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Pop Culture

14 things that will remain fun no matter how old you get

Your inner child will thank you for doing at least one of these.

Photo by Annie Spratt on Unsplash

Swings can turn 80-year-olds into 8-year-olds in less that two seconds.

When we’re kids, fun comes so easily. You have coloring books and team sports and daily recess … so many opportunities to laugh, play and explore. As we get older, these activities get replaced by routine and responsibility (and yes, at times, survival). Adulthood, yuck.

Many of us want to have more fun, but making time for it still doesn’t come as easily as it did when we were kids—whether that’s because of guilt, a long list of other priorities or because we don’t feel it’s an age-appropriate thing to long for.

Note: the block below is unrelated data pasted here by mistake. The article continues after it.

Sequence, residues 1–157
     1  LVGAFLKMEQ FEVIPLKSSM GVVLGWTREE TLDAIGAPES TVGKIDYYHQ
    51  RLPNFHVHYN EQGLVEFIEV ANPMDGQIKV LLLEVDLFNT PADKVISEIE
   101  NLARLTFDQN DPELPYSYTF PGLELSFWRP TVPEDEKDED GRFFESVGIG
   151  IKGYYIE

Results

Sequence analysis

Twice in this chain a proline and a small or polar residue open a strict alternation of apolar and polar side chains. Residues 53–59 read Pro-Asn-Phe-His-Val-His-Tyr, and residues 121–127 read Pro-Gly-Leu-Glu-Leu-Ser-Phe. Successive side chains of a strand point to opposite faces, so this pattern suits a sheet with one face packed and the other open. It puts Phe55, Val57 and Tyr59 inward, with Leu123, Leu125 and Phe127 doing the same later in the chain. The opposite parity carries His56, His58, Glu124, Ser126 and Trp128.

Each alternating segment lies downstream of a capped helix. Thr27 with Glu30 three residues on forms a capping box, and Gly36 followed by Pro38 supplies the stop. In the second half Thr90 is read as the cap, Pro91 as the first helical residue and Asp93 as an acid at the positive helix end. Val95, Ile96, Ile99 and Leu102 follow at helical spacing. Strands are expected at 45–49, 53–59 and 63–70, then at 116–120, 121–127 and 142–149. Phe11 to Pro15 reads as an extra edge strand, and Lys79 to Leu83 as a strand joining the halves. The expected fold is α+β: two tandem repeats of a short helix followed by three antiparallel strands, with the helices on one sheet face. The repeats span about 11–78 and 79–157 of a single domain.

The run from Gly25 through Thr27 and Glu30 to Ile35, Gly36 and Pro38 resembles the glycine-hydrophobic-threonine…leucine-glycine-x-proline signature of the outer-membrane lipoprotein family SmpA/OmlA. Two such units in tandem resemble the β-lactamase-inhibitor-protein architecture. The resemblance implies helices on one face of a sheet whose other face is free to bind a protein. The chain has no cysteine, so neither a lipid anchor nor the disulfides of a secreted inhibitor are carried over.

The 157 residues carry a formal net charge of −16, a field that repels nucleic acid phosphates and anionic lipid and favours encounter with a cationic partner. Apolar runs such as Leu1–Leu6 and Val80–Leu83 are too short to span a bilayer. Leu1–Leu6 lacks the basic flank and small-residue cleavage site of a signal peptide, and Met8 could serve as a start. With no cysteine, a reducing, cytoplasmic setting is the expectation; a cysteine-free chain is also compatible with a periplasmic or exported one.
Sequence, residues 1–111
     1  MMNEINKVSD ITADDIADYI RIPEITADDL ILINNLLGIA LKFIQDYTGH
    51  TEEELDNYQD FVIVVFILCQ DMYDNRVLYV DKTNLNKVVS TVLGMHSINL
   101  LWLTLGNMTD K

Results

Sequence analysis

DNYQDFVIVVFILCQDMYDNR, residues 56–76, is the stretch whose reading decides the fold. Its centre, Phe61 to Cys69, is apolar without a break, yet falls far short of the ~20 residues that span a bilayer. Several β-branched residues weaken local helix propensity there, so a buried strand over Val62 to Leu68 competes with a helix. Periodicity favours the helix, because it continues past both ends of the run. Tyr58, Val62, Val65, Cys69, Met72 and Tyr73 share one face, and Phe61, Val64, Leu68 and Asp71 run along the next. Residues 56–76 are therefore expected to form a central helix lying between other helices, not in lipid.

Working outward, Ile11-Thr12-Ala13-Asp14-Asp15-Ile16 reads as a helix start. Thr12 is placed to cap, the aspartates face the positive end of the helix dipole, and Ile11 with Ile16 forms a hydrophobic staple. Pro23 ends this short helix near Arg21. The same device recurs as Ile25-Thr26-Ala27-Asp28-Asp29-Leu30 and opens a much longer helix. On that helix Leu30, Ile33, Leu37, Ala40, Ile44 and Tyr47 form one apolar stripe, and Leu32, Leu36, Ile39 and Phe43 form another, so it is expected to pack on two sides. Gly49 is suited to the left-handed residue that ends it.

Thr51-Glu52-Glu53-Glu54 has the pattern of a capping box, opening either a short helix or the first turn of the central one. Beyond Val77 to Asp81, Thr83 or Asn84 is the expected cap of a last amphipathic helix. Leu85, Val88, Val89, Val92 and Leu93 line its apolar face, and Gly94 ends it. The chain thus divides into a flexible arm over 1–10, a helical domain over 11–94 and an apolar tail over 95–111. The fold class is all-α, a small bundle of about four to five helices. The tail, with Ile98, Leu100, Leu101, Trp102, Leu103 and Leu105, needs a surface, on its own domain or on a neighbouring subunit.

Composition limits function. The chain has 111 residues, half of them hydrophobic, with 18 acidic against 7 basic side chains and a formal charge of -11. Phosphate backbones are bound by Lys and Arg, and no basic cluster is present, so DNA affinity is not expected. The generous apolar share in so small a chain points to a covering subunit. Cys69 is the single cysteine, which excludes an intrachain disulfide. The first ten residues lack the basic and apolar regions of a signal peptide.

Luckily, we’ve come to realize that fun isn’t just a luxury of childhood, but really a vital aspect of living well—like reducing stress, balancing hormone levels and even improving relationships.

More and more people of all ages are letting their inner kids out to play, and the feelings are delightfully infectious.

You might be wanting to instill a little more childlike wonder into your own life, and not sure where to start. Never fear, the internet is here. Reddit user SetsunaSaigami asked people, “What always remains fun no matter how old you get?” People’s (surprisingly profound) answers were great reminders that no matter how complex our lives become, simple joy will always be important.

Here are 14 timeless pleasures to make you feel like a kid again: